Advertisement

European Journal of Epidemiology

, Volume 22, Issue 12, pp 883–888 | Cite as

Short- and long-term mortality after acute myocardial infarction: comparison of patients with and without diabetes mellitus

  • H. L. Koek
  • S. S. Soedamah-Muthu
  • J. W. P. F. Kardaun
  • E. Gevers
  • A. de Bruin
  • J. B. Reitsma
  • M. L. Bots
  • D. E. Grobbee
Open Access
Cardiovascular Disease

Abstract

Aims To compare short- and long-term mortality after a first acute myocardial infarction (AMI) in patients with and without diabetes mellitus. Methods and results A nationwide cohort of 2,018 diabetic and 19,547 nondiabetic patients with a first hospitalized AMI in 1995 was identified through linkage of the national hospital discharge register and the population register. Follow-up for mortality lasted until the end of 2000. At 28 days and 5 years respectively, absolute mortality risks were 18 and 53% in diabetic men, 12 and 31% in nondiabetic men, 22 and 58% in diabetic women, and 19 and 42% in nondiabetic women. Crude mortality was significantly higher in diabetic patients than in nondiabetic patients in both men (28-day hazard ratio (HR) 1.55; 95% confidence interval (CI) 1.32–1.81, 5-year HR 2.01; 95% CI 1.84–2.21) and women (28-day HR 1.19; 95% CI 1.03–1.37, 5-year HR 1.53; 95% CI 1.40–1.67). After multivariate adjustment, risk differences became nonsignificant at 28 days, but diabetes was still associated with a significantly higher long-term mortality in both men (28-day HR 1.16; 95% CI 0.99–1.36, 5-year HR 1.49; 95% CI 1.36–1.64) and women (28-day HR 1.12; 95% CI 0.97–1.28, 5-year HR 1.39; 95% CI 1.27–1.52). The interaction between diabetes mellitus and gender did not reach significance in the analyses. Conclusion Our findings in an unselected cohort covering a complete nation show a significantly higher long-term mortality after a first acute myocardial infarction in diabetic patients. Yet, short-term mortality is not significantly higher in diabetic patients. Risks appear to be equally elevated in men and women.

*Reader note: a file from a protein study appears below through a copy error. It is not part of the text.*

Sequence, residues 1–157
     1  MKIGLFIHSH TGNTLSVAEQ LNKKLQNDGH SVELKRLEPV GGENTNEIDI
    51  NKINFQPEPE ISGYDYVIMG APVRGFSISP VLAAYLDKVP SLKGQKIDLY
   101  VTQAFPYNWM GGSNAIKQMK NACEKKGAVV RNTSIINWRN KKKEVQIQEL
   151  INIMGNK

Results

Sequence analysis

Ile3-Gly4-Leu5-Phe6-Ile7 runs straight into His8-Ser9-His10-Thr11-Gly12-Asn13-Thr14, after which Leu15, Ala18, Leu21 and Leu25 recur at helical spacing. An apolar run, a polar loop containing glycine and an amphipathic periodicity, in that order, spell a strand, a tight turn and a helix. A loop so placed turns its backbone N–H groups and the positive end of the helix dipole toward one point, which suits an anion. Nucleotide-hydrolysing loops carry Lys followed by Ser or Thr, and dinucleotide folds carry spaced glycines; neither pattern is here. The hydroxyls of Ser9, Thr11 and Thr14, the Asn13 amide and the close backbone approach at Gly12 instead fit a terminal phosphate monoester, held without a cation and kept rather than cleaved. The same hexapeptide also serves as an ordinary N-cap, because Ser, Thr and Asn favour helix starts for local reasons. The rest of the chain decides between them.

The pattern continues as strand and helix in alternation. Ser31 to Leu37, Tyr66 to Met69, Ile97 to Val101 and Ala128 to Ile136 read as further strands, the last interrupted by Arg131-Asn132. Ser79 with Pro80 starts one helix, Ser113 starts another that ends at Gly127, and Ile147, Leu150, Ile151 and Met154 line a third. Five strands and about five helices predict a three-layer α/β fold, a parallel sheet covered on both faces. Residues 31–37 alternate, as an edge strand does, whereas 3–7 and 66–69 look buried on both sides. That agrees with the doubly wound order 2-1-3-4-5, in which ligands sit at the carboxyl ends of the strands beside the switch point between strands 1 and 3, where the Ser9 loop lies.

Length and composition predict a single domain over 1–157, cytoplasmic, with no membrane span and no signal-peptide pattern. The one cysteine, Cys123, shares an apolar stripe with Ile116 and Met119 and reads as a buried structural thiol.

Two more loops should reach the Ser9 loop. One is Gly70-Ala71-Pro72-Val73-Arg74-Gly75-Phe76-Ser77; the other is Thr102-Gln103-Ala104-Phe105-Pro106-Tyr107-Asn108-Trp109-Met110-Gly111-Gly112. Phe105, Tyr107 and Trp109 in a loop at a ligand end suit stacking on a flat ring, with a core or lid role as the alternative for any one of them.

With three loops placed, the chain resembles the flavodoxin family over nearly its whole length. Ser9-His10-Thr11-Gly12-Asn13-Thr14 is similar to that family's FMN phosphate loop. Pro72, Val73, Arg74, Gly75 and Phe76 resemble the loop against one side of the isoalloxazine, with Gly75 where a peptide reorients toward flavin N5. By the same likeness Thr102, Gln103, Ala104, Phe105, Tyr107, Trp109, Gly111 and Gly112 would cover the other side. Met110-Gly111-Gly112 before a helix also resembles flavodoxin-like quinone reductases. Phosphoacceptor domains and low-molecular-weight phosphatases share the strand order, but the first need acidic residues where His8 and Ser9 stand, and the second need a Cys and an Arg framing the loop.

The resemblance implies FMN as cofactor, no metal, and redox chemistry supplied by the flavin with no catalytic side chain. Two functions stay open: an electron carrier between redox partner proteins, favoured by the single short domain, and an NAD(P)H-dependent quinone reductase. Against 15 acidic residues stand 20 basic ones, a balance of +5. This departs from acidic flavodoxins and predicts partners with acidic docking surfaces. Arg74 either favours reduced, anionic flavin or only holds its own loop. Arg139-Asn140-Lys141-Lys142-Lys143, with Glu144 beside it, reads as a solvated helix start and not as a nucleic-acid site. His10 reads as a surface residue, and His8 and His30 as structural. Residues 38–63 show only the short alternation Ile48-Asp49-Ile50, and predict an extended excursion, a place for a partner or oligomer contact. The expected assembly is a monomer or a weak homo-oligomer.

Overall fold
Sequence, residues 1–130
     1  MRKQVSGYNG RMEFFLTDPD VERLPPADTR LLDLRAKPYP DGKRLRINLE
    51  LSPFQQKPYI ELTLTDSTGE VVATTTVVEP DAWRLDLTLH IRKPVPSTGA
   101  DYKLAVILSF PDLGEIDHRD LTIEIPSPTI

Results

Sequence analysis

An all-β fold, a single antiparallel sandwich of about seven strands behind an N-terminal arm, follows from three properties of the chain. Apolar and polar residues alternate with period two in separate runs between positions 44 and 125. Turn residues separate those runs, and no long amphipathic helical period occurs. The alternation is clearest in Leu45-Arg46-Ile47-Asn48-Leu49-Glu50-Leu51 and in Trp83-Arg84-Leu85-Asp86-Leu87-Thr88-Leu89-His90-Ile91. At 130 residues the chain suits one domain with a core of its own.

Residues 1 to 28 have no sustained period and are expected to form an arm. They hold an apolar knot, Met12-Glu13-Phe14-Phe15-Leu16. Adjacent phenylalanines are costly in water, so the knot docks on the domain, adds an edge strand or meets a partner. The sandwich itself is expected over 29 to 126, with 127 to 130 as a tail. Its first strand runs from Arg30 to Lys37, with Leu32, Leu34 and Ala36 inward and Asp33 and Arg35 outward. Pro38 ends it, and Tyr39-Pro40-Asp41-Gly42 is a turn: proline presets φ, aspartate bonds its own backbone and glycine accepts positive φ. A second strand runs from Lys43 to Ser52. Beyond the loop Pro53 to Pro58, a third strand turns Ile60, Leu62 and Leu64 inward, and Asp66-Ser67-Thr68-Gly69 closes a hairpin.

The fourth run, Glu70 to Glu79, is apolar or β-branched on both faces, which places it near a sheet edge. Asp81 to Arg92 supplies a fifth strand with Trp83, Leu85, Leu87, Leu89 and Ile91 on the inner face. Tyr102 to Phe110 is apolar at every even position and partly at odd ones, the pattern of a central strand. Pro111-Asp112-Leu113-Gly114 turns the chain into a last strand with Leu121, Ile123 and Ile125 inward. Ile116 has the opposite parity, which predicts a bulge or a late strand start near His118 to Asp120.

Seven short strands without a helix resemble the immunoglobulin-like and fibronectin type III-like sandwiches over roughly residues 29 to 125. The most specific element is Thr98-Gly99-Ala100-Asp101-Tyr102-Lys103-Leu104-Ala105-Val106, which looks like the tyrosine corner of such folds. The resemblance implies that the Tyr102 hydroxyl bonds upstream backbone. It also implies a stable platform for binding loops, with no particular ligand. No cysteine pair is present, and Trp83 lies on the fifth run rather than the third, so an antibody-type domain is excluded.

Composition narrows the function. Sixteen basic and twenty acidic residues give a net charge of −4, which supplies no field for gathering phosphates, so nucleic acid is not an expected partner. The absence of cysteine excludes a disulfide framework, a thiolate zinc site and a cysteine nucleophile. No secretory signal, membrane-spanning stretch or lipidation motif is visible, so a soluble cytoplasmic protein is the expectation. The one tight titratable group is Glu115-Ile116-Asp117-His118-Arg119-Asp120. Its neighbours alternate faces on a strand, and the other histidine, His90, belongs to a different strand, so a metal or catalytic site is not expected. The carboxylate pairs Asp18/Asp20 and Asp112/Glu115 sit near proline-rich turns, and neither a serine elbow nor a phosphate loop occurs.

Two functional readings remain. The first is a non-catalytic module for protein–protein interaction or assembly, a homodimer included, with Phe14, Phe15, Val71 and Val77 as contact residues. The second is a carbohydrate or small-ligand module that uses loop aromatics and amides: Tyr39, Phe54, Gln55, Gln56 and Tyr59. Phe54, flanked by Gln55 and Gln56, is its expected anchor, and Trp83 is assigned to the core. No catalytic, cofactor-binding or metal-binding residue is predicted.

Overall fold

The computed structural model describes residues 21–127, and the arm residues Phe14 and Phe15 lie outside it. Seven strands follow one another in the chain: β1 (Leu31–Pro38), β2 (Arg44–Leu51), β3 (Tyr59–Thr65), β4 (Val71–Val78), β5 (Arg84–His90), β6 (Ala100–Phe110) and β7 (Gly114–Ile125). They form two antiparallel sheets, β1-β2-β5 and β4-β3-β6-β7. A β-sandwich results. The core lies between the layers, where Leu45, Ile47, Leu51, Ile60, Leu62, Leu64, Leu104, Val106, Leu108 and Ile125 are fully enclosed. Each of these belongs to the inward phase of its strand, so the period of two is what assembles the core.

Keywords

Myocardial infarction Registries Epidemiology Prognosis Survival Mortality Diabetes mellitus 

Introduction

It is well established that patients with diabetes mellitus (DM) have a higher short-term mortality after acute myocardial infarction (AMI) than patients without DM. Several recent studies have found that hospital, 28-day and 1-year mortality after AMI was approximately 1.5–2 times higher in diabetic patients [1, 2, 3]. As it is known that most patients survive beyond this period, it is important to study the difference in long-term survival after an AMI between diabetic and nondiabetic patients as well. Survival after an AMI may be particularly worsened beyond the poorer prognosis already conferred by the presence of DM itself, as diabetic patients with an AMI may experience more severe coronary heart disease and more complications (left ventricular dysfunction and heart failure, significant ventricular arrhythmias) than nondiabetic patients with an AMI [2, 3]. There are relatively few recent studies that address differences in long-term prognosis after an AMI between diabetic and nondiabetic patients with follow-up lasting through the second half of the 1990s [4, 5, 6, 7, 8]. Moreover, data largely originate from clinical trials or single centers [4, 5, 7]. These studies reported that DM is independently associated with long-term mortality [4, 5, 6, 7, 8].